12/30/2006, 00.00
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Saddam Hussein is hanged

The news was announced by Iraqi television that showed pictures of the execution a few hours later.

Baghdad (AsiaNews) – Saddam Hussein, the man who dominated Iraq with brutal violence for nearly 25 years, was executed before dawn this morning (at 6am local time). The 69-year-old leader, who was overthrown by a multi-national coalition led by the United States in 2003, was convicted of crimes against humanity.


Since the execution was announced by local television, there have no signs of violence in Baghdad. The government did not impose a curfew as it had done on 5 November, the day when one of the trials of the ex-dictator ended in a death sentence for the killing of 148 Shiites who were arrested in 1982 in connection with an assassination attempt against Saddam. The sentence was confirmed by an appeals court on 26 December and had to be executed within 30 days.

Saddam was also on trial for the killing of tens of thousands of Kurds in 1988 in the Anfal campaign.


Iraqi television initially said Saddam's half-brothers Barzan Ibrahim and Awad Hamed al-Bandar were hanged too. But National Security adviser Mouwafak al-Rubaie, who attended the execution, later said the two men would be hanged after the Muslim holiday Eid al-Adha, which started today and ends in the first week of January.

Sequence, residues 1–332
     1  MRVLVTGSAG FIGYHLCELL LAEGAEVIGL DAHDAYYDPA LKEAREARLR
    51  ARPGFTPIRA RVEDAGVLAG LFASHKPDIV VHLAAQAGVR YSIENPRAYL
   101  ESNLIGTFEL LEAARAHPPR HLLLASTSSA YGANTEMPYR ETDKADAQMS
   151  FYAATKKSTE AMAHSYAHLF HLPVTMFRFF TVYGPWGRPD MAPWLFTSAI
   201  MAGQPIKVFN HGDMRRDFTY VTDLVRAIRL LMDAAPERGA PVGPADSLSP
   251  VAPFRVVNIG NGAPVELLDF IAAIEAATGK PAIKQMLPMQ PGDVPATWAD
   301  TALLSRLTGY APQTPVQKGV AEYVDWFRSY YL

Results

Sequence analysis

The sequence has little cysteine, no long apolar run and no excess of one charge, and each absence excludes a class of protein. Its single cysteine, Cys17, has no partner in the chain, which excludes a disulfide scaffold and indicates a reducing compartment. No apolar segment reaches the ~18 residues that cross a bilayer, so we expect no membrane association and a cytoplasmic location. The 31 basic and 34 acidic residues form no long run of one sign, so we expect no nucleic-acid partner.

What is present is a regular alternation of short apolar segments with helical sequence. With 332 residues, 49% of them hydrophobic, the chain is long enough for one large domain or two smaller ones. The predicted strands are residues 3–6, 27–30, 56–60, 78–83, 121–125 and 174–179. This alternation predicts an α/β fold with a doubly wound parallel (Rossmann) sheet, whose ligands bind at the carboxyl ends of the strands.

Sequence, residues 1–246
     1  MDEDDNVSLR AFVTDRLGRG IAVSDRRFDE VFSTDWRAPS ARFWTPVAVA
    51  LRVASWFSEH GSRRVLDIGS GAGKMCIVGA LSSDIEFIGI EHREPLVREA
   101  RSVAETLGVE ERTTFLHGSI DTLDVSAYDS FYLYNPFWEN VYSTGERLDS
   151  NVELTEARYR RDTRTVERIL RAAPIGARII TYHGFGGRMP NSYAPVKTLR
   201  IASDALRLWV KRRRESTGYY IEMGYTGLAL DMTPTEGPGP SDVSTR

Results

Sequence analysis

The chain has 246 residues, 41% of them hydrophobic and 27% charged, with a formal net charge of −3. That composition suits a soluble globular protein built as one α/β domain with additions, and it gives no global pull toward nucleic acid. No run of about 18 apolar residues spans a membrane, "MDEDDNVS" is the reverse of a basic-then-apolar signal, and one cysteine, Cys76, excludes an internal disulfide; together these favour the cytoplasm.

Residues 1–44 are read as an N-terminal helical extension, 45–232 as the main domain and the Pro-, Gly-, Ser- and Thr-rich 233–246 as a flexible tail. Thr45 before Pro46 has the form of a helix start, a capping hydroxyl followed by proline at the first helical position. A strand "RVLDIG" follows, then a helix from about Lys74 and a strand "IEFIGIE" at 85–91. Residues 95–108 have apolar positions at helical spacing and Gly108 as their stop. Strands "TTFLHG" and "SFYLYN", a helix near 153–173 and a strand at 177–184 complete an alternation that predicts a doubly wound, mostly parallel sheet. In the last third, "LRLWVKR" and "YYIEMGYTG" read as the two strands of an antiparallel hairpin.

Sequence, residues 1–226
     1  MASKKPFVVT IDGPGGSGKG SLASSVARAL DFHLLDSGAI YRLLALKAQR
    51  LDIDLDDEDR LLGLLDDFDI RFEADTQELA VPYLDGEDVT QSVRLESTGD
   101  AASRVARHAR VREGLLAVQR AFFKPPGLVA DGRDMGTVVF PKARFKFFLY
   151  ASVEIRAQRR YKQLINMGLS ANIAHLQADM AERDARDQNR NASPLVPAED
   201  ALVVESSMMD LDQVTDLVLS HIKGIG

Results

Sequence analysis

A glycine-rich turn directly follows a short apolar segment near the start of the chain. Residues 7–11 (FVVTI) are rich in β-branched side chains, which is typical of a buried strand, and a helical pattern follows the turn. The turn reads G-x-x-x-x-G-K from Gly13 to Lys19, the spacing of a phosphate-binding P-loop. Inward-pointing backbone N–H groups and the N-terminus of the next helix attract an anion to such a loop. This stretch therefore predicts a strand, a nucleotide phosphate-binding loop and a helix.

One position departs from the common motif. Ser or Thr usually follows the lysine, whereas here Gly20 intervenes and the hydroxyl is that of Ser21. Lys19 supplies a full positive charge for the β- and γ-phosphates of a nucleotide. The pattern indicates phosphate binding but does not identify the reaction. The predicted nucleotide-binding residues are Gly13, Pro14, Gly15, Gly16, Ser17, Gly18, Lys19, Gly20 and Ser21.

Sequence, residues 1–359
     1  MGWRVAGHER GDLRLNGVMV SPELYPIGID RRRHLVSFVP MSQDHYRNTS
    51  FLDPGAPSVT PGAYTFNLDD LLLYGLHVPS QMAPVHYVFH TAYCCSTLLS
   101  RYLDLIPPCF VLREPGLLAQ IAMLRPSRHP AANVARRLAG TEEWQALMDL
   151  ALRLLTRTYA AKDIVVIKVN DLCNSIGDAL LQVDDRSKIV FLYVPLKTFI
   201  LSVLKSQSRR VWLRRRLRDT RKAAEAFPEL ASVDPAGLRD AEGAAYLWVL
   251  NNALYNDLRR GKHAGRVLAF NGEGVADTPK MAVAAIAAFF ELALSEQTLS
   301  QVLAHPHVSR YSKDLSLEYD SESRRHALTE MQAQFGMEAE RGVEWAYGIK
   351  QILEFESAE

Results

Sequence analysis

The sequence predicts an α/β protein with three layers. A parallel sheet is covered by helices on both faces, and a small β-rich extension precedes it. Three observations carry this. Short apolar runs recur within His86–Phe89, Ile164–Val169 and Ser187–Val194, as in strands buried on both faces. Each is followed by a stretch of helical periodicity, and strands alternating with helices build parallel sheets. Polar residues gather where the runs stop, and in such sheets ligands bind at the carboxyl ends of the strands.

A video and photo of the execution of Saddam were publicized a few hours later. According to the statements of those present – including some relatives of the former dictator -
Saddam Hussein was carrying a copy of the Quran which he asked to be given to a friend of his called Bander. He refused to cover his head with a hood. Saddam was executed in a military zone in the Shiite neighborhood of Kazimiyah.


Shiites in Najaf celebrated the ex-dictator’s death on the streets, gathering in jubiliant crowds and firing in the air. In Tikrit, the city the dictator came from, people were in mourning.


The response of Prime Minister Nuri al Maliki to international calls not to execute Saddam was that all those who opposed his sentence were insulting the memory of his victims.


A source of AsiaNews in Baghdad told AsiaNews that the death of Saddam Hussein would not influence the future of Iraq: “Saddam has been dead for some time, since he captured, and his presence no longer had any impact in Iraq. The conflicts raging in the country now are of an international nature and have nothing to do with Saddam Hussein.”


Many analysts said the death of Saddam could fuel the conflict between Sunnis and Shiites. In Kufa and Mosul, bombs and incidents were reported.

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See also
Saddam Hussein – Chronology
Law reintegrating low-level Baathists approved
Iraqi judge and son gunned down
Nassiriya, 21 death sentences on 'terrorism' charges
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